Indian customs have traditionally worshipped nature, and living in harmony has been a part of Indian tradition. However lately widespread disregard for nature by young and old alike due to use of disposable plastics, use of POP idols in festivals, noise pollution, thoughtless killing of snakes in townships & farms, fertilizers & human sewage in water bodies and garbage burning etc., have led to air, noise, and water pollution. The role of the citizen and how we can rally for our green spaces, rivers and water bodies, has the potential for transforming our lives and urban and rural spaces. The need of the hour is cultural transformation where we are back in touch with nature.  Lately corporate landholdings and green spaces have been opened up for nature walks, like Godrej has with the Soonabai Pirojsha Godrej Marine Ecology Centre. Active citizenry also means establishment of a new breed of citizen scientists who can contribute to efforts of ecologists in terms of bird/animal spotting in various localities. Understanding how human affluence and greed impacts biodiversity and inculcating a culture of protecting our natural habitat is crucial. One great example of how such a culture of protecting biodiversity in saving the whale sharks along the coast of Gujrat is documented in this wonderful movie called the Shores of Silence.

How can Technology be leveraged to enable biodiversity efforts?

Technology is all pervasive, increasingly Geographical Information Systems(GIS) and drones are being used in context of biodiversity. GIS applications allow mapped data collection, scenario creation and predictions, understanding impact in geospatial context affecting landcover, forests, and human habitats.

Businesses today have several free GIS repositories at their disposal.

  • One such free resource is the Atlas of Global Conservation by The Nature Conservancy (TNC). It is an excellent resource for understanding biological diversity, scientists have divided up the world into more than 1,000 ecoregions and analysed how they compare across dozens of measures. TNC’s atlas offers dozens and dozens of layers of geographic information by terrestrial, freshwater, and marine ecoregion.  Dozens of biodiversity metrics can be viewed in this atlas
  • Another free resource is Global Forest Watch. This WRI initiative uses the most advanced satellite data and crowd-sourced information to track deforestation throughout the world in near-real-time. Global Forest Watch offers the latest data, technology and tools that empower people everywhere to better protect forests.
  • The India Biodiversity portal has a unique repository of information on India’s biodiversity. The portal aims to provide open and free access to biodiversity information, and enables widespread participation by all citizens in contributing to and accessing information on Indian biodiversity.

Drones are emerging as a valuable tool for biodiversity conservation. These unmanned vehicles can help monitor protected areas, collect data in inaccessible regions, and even deter poachers and plant trees. In a unique initiative in Burma drones were used for planting mangrove, first drones flying 100 metres (328 ft) above the ground take highly detailed, 3D images of the land while sensors record information such as soil type, soil quality and moisture. The data is then used to create a planting pattern, pinpointing the best spots and species to plant in each location. Then a drone uploaded with the mapping information flies 2 metres above the ground, shooting biodegradable seed pods designed to enhance germination success. A drone carrying 300 seed pods can cover 1 hectare in 18 minutes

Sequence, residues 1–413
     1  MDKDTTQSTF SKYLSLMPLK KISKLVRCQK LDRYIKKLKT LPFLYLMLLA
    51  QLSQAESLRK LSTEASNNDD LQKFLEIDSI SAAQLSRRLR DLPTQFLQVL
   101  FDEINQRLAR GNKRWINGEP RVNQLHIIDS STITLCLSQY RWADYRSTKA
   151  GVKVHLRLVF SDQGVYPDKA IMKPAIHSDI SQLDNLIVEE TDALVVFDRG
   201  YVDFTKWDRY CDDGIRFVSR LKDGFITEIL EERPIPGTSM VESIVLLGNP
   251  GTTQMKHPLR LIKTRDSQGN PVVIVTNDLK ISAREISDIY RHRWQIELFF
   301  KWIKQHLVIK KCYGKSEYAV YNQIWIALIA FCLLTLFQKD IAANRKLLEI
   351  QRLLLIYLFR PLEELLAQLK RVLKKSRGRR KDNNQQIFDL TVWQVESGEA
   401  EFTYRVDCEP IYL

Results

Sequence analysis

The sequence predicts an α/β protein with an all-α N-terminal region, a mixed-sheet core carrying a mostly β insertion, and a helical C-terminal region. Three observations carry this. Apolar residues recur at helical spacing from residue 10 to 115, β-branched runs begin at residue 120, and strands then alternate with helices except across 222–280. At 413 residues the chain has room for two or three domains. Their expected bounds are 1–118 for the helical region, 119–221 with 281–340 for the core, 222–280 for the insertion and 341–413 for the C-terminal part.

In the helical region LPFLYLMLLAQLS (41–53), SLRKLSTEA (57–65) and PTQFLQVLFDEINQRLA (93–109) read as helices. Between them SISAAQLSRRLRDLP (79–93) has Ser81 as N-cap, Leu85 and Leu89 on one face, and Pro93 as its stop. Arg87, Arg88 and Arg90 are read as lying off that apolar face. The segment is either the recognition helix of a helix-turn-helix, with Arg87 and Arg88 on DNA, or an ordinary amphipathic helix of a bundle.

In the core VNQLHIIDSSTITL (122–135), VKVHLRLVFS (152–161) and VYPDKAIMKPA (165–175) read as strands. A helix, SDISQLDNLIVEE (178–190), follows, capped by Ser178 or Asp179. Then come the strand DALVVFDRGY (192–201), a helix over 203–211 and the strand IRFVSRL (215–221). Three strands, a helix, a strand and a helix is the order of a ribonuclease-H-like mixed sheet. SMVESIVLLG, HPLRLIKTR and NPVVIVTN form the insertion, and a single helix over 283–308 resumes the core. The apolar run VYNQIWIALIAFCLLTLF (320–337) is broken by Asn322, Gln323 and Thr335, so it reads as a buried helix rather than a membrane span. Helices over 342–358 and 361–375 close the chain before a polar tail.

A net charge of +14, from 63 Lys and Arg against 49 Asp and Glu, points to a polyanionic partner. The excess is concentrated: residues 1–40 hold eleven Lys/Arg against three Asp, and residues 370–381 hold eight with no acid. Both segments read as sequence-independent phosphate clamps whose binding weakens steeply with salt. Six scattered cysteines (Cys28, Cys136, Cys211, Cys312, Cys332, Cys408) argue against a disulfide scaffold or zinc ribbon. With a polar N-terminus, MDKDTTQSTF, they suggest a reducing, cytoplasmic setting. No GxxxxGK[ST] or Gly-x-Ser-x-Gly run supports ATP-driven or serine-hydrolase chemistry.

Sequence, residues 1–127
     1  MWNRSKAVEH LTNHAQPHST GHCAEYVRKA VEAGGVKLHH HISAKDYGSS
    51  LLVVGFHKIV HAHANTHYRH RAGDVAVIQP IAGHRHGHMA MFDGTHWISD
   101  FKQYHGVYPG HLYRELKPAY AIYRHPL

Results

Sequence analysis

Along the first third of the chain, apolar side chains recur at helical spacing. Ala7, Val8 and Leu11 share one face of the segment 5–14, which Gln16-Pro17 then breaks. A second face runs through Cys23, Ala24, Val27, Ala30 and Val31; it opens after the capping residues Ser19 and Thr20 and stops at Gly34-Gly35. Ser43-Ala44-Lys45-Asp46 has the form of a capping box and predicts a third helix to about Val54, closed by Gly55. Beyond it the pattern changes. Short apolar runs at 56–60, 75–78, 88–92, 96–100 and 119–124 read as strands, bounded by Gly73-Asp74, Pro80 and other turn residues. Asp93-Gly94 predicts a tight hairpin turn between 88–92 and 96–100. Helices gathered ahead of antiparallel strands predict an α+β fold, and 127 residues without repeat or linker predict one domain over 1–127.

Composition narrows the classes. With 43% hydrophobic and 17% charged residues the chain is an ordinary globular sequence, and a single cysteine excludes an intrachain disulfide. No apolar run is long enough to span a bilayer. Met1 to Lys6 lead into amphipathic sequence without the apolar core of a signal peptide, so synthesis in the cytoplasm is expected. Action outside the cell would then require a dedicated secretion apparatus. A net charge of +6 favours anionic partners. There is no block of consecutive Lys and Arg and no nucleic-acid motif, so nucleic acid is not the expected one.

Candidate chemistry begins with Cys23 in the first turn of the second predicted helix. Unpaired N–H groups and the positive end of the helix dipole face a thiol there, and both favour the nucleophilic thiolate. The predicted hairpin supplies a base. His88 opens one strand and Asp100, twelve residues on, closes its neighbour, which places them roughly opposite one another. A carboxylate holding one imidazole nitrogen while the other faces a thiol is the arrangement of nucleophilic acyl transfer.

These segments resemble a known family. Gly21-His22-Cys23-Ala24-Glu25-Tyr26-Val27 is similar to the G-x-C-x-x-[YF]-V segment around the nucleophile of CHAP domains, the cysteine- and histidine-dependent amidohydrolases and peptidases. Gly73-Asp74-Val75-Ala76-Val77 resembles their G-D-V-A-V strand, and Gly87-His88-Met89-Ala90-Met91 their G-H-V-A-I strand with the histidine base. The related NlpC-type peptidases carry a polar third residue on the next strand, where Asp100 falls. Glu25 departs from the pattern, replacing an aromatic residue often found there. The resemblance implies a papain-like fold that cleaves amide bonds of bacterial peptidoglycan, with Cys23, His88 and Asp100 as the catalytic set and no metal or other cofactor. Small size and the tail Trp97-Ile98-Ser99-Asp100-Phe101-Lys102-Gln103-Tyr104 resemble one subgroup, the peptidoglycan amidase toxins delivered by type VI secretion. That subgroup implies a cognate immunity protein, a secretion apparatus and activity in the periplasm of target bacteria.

Ankush Patel, the Co-founder & CEO of Treeni said “The use of technology to track and monitor industry’s impact on bio diversity has enabled a process for the industry to ensure that a focus on biodiversity is a part of their business operations.”

Sustainability performance management and collaboration platforms which enable enterprises to track their biodiversity indicators, and share best practices within and outside the enterprise, are increasingly used by companies. In context of sharing platforms, it’s worth mentioning about India Business Biodiversity Initiative, which is a business-led initiative that serves as a national platform for business, to promote sharing and learning, and will ultimately lead to mainstreaming sustainable management of biological diversity by business. IBBI was initiated by the Ministry of Environment, Forests and Climate Change (MoEFCC), Government of India, and is supported by the Deutsche Gesellschaft für Internationale Zusammenarbeit (GIZ)

The key message from this edition of the S4B on biodiversity is same as the message from the book, The Lorax, that “Unless someone like YOU cares a whole awful lot, nothing is going to get better. It’s not.” In this book “You’ signifies the new generation, but it is clear the going forward industries are the ones that will have a care a whole awful lot…and I was glad to see the exemplary work done by Tata Motors, Godrej, Mahindra Susten, Tata Power and TCS.